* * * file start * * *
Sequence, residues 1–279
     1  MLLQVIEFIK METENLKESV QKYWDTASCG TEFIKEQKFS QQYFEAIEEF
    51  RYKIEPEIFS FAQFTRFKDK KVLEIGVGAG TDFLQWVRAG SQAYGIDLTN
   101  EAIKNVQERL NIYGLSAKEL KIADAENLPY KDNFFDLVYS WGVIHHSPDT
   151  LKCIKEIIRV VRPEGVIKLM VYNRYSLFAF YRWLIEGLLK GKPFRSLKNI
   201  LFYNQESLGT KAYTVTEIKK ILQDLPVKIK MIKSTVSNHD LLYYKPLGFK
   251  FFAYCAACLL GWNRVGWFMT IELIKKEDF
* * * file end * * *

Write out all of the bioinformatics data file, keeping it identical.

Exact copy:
Sequence, residues 1–279
     1  MLLQVIEFIK METENLKESV QKYWDTASCG TEFIKEQKFS QQYFEAIEEF
    51  RYKIEPEIFS FAQFTRFKDK KVLEIGVGAG TDFLQWVRAG SQAYGIDLTN
   101  EAIKNVQERL NIYGLSAKEL KIADAENLPY KDNFFDLVYS WGVIHHSPDT
   151  LKCIKEIIRV VRPEGVIKLM VYNRYSLFAF YRWLIEGLLK GKPFRSLKNI
   201  LFYNQESLGT KAYTVTEIKK ILQDLPVKIK MIKSTVSNHD LLYYKPLGFK
   251  FFAYCAACLL GWNRVGWFMT IELIKKEDF